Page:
Friday, August 19, 2005


The doping episode of Neelam J Singh has panned out along familiar lines. Firstly, the athlete was caught when she didn't need it for the competition. She put up a dismal performance at Helsinki. Secondly, she pleaded her innocence as soon as she landed in India. It was typical of any sportsperson found caught cheating.

In the last couple of years, there has been a spurt in the number of Indian athletes caught with some illegal substances in their bodies. This is not to say that doping is a new problem. This has existed in some form. Even at the junior level, the athletes are given 'tablets' to improve their performance. They are not caught because of the lack of adequate and honest testing procedures.

Always athletes who do well in international competitions fade away after coming back to the country. Most of the recent national record holders have been found guilty of cheating. The recourse to drugs is the personal gain from a medal or a record and the lack of any punishment. Take the case of Sunita Rani who had her Asian Games medal taken away after the involvement in doping at Busan. She got her medal back on technical grounds. The people in charge of running the show in India such as Suresh Kalmadi proclaimed it as a national victory. Now where is the said athlete? She was in the wilderness for quite a while before participating once again. Her performance was well below her personal best.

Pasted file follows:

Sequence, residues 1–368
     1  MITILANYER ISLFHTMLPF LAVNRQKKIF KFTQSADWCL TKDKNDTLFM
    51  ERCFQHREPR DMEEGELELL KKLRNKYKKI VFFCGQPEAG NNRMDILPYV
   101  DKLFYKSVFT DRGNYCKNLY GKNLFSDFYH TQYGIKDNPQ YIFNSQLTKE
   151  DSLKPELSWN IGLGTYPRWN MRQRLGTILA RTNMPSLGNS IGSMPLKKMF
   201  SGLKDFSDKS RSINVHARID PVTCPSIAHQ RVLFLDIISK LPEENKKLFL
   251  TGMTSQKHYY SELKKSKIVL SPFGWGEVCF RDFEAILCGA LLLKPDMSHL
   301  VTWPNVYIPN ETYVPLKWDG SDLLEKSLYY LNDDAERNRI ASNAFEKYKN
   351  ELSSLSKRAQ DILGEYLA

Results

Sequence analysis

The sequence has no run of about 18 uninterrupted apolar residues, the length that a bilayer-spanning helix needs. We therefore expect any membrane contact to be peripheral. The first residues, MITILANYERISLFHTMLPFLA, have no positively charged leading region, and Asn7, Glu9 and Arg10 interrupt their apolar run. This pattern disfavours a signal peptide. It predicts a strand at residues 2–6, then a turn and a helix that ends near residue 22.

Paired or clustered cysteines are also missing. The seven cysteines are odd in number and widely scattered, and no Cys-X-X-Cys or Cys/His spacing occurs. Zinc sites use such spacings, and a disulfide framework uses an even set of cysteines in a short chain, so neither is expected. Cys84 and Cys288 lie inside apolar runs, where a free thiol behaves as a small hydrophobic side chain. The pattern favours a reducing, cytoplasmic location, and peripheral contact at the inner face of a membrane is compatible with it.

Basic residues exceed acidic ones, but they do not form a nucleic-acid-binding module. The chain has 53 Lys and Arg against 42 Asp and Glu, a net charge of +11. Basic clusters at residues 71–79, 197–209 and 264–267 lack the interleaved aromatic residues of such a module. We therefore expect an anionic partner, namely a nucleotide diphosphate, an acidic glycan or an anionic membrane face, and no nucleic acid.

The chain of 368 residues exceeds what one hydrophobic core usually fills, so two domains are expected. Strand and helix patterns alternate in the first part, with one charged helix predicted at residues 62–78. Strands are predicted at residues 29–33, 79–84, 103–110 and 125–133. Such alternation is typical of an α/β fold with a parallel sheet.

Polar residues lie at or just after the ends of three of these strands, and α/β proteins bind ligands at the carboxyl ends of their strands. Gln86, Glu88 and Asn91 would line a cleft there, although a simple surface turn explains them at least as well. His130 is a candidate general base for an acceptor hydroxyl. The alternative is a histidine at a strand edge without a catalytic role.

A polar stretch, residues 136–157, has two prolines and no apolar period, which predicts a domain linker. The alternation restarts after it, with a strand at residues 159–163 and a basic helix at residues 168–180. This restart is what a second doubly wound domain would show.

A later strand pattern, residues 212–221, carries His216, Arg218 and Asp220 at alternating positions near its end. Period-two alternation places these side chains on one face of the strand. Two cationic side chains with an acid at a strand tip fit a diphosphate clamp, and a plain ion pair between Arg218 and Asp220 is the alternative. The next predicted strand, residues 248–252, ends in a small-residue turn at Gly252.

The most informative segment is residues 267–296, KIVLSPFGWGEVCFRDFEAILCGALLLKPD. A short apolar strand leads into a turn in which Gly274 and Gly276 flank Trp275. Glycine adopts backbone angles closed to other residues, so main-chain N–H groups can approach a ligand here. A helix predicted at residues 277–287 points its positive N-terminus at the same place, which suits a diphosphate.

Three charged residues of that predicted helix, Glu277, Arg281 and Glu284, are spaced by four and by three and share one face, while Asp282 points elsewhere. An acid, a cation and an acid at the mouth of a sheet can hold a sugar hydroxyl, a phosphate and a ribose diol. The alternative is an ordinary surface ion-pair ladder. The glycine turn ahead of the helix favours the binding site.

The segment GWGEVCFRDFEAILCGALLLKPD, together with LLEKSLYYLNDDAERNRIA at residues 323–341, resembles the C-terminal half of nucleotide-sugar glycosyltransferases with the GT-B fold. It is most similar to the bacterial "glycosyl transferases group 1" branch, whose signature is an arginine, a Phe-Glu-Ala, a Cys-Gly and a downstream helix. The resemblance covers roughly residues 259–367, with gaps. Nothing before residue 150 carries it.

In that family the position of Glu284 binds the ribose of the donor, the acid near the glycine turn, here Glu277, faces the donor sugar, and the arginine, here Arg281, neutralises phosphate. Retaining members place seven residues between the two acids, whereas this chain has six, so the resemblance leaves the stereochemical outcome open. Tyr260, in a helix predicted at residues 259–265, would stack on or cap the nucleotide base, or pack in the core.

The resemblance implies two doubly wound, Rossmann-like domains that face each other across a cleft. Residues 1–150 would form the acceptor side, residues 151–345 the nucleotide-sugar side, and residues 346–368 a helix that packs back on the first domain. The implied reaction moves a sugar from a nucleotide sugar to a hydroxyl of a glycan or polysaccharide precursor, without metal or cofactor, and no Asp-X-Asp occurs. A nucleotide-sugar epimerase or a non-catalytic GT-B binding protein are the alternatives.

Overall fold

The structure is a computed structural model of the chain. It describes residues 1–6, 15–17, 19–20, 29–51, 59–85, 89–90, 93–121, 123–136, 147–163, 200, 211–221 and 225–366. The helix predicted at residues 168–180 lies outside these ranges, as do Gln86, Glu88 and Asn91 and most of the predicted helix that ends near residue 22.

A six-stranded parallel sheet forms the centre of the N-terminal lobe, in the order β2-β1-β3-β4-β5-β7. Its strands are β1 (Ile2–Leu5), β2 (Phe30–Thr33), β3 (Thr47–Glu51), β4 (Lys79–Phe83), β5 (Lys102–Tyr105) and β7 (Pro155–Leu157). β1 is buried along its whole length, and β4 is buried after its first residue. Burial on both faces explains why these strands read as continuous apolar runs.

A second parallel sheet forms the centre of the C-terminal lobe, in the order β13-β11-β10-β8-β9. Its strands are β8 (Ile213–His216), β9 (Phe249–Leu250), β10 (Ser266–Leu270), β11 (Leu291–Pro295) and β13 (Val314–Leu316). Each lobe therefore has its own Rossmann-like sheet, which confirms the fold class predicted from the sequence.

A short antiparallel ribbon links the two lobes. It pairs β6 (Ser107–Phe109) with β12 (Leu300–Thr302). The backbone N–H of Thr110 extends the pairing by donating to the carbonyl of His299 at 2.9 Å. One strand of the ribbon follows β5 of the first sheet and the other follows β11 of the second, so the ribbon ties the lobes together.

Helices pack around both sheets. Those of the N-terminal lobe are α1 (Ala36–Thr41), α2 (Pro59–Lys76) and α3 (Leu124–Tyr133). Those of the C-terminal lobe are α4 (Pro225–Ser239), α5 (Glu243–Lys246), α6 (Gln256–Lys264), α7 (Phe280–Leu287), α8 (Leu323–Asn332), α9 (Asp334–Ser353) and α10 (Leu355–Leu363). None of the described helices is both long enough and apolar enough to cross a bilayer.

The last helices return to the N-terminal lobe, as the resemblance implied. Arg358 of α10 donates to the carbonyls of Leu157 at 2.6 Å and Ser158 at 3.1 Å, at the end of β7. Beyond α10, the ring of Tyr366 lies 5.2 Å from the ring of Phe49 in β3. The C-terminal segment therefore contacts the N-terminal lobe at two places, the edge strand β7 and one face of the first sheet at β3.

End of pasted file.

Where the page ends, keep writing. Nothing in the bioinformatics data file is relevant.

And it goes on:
There is doping in Indian athletics and one cannot deny it. It will not go away until we have people like Kalmadi at the helm. Any one found guilty should be punished.

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